Both groups of patients who received glycerol had significantly higher lactate levels than the mannitol group (2.8 mmol/L vs. 2.2 mmol/L vs. 1.6 mmol/L, respectively; P < 0.0001), with the magnitude of the increase in lactate levels corresponding to the glycerol infusion time. Compared to the mannitol group, the 30-min glycerol group had significantly higher lactate levels at all measured time points between 15 and 120 min, and all of these patients had high lactate levels (> 2.0 mmol/L) during the infusions. The 60-min glycerol group had significantly higher lactate levels at the 45-min and 60-min measurements, relative to the mannitol group, and 9 patients (69.2%) in the 60-min glycerol group had high lactate levels during the infusions. None of the patients in the mannitol group had high lactate levels during the infusions (100% vs. 69.2% vs. 0.0%, respectively; P < 0.0001) (Fig. 1). None of the patients exhibited signs of intravenous hemolysis.
Hemodynamics and blood gas analyses
The present study revealed that intravenous glycerol treatment increased the lactate levels in all patients, and 84.6% of these patients developed lactate levels of > 2.0 mmol/L. This study also revealed that lactate levels differed significantly according to the duration of glycerol infusion. However, intravenous mannitol treatment did not influence the lactate levels, and there were no inter-group differences in cardiac output and stroke volume parameters. Therefore, the effects of osmotic diuresis seem unrelated to the increased lactate levels.
Hyperlactatemia during glycerol administration is caused by the fructose that is added to the glycerol solution. Intravenously administered fructose is metabolized by the liver and converted by fructokinase into fructose-1-phosphate, which then enters the glycolytic or gluconeogenesis cycle before being metabolized into lactate, glucose, or glycogen. Fructokinase activity remains unchanged in a state of insulin deficiency, and fructose is quickly metabolized, which causes pyruvate accumulation. This occurs even in the presence of reduced glucose tolerance because fructose metabolism does not involve glucokinase or phosphofructokinase, which has decreased the activities in an insulin-deficient state. Furthermore, metabolism of fructose into pyruvate in the liver is rapid enough to cause significant accumulation of un-metabolized pyruvate by the tricarboxylic acid cycle, which causes hyperlactatemia. Approximately 30% of the administered fructose is converted into glucose , with the intravenous fructose stimulating splanchnic lactate release both at rest  and during exercise , as well as glucose-stimulated extrasplanchnic lactate production . Moreover, the lactate concentration increases that are induced by fructose are positively correlated with muscle glycogen resynthesis , which accelerates nucleic acid turnover and uric acid production, and then causes hyperlactatemia .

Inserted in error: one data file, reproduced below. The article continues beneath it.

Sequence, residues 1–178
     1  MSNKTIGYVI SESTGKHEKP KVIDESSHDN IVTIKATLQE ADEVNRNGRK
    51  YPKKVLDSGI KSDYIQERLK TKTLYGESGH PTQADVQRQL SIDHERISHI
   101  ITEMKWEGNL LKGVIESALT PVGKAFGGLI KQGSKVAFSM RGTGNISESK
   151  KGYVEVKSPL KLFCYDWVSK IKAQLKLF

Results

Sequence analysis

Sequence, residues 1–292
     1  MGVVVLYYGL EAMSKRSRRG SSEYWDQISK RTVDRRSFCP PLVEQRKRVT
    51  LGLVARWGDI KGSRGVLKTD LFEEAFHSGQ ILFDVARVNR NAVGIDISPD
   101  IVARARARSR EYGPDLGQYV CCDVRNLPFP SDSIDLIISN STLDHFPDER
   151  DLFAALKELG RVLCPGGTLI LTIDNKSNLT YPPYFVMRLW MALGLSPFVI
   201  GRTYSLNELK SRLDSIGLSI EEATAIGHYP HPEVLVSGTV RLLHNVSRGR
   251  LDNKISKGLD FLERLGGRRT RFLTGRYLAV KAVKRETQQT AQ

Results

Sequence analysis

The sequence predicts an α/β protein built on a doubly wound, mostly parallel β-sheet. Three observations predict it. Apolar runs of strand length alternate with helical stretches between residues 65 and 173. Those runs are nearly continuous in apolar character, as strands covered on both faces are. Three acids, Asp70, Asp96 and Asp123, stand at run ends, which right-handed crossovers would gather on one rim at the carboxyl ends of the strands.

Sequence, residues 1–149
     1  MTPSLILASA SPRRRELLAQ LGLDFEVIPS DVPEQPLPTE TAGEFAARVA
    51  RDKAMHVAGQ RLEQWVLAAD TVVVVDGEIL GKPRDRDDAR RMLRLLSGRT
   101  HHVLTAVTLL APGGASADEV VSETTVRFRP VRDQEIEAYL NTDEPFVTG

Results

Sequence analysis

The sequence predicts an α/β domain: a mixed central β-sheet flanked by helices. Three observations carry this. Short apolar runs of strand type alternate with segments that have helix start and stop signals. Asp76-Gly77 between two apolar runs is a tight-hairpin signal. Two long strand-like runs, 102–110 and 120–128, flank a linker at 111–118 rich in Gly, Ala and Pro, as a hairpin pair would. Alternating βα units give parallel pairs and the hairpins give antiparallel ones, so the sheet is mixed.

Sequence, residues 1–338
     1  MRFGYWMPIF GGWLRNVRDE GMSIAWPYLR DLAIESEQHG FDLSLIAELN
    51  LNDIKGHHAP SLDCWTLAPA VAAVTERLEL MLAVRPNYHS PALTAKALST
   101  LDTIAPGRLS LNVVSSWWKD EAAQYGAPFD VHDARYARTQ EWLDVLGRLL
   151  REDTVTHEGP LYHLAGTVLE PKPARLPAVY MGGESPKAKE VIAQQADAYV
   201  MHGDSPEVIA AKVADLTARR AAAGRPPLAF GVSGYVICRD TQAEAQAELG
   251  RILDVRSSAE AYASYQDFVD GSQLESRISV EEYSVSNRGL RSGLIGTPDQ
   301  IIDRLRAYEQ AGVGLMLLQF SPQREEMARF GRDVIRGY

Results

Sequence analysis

The fructose infusion rate should not exceed 0.3 g/kg/h , and the recommended glycerol infusion rate should not exceed 300 mL over 30 min for a 60-kg patient, as rapid glycerol administration increases the risk of intravascular hemolysis . It has been shown that administering 0.5 g/kg glycerol for 90 min is superior to 30 min for reducing intracranial pressure . Although the present study did not measure haptoglobin to quantify hemolysis, we did not detect any apparent signs of intravascular hemolysis among the included patients. However, we found that the increase in lactate levels was larger at higher infusion rates. Thus, physicians should be aware of this phenomenon and ideally wait for at least 120 min when assessing the illness severity in patients who received glycerol. Conversely, the glycerol infusion rate should be moderated and lactate levels tested frequently in patients with pre-existing hyperlactatemia.